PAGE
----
In response to the flood damage to New Orleans by Hurricane Katrina, the U.S. Army Corps of Engineers Hurricane Protection Office awarded a design and build contract to a new prime contractor in 2007. The goal was to increase the pumping capacity at the 17th Street and London Avenue canals, allowing for future worst case hurricane drainage to be pumped out of the city and into Lake Pontchartrain. The design and construction of the pumping stations involved several massive pumping platforms, 33 huge vertical turbine pumps, diesel engines, gearboxes, and piping. The design team consisted of notable firms, and Mechanical Solutions, Inc (MSI) was recommended to analyze system dynamics, including evaluation of the platform design with regard to vibration. The complex design/ evaluation/ construction project was completed on-time, prior to the 2007 hurricane season. It wasn’t until the 2008 season that the platforms and pumps were tested by Gustav, a strong Category 2 Hurricane. Under those severe conditions, the pumps were found to operate as designed in a superb manner, keeping the potential flood waters from Gustav safely in check.
FEA Model of 17th St. Canal Pumping Station.
Using finite element techniques, MSI was able to predict the worst-case vibration response of the structures as a result of the operation of the high-power mechanical equipment. Complex three-dimensional finite element analysis models were generated and analyzed such that assessments could be made in a timely manner and, if discovered, problems addressed prior to construction completion.
Click for fly-through of NOLA pump station FEA model.
The 5 million degree-of-freedom ANSYS model of the 17th Street Station consisted of a combination of solid, shell, beam, and mass point elements representing the platform structure, soil strata, mechanical equipment, and piping. The goal was to avoid resonant conditions that could lead to structural failure or improper function of the pump system. Estimates were made for the forcing functions imparted to the platform by the pumps, diesel engines, and gearboxes.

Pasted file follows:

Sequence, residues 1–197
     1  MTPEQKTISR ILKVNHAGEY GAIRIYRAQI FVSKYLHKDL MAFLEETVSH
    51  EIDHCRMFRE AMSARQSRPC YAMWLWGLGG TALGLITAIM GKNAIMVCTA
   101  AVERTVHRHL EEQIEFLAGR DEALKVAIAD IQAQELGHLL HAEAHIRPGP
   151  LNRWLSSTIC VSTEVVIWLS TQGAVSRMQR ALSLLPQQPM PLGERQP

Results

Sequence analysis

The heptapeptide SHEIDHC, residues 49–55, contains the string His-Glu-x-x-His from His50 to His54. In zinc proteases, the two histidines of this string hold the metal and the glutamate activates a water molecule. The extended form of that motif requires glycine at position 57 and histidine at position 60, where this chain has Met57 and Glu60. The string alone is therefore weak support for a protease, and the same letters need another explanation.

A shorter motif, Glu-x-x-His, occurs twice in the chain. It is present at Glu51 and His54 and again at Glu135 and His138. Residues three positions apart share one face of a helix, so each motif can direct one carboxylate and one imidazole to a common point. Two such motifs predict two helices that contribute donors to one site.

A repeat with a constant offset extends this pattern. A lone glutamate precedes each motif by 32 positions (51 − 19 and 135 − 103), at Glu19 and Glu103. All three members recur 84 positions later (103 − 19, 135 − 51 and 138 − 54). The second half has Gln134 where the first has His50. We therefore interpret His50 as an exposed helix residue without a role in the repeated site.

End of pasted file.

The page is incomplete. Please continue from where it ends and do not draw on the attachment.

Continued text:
Harmonic Forced Response Spectra
Harmonic Forced Response analysis predicted the vibrational response throughout the station. Peaks within the spectra revealed excitable structural natural frequencies. Armed with this information, assessments were made concerning the vibrational behavior of the platform. Had the vibration levels been predicted to be excessive, the FEA model would have provided an analytical tool for redesigning the structure. For example, resonant natural frequencies could have been de-tuned by the addition or subtraction of platform cross-members. After completion of construction, such modifications would have been very costly since the substructure of the platform is submerged. In addition to the structural vibration analysis, MSI also performed an acoustic evaluation of the discharge piping and manifolded header system to assess the potential for acoustic resonance within the 9 foot diameter manifolds leading to the lake. No such problems were identified.
The analytical results verified to Weston that the pump platforms were designed to withstand the loadings of the mechanical equipment without excessive vibration at any key location throughout the system. This result was eventually confirmed by test engineers, and later by Mother Nature herself.
A major pump OEM called on MSI to help resolve multiple pump driveshaft failures for an ore mining company in East Africa.
To identify potential opportunities for early bearing failure, MSI performed experimental modal analysis (EMA) and operational deflection shape (ODS) tests on a prototype unit for the manufacturer.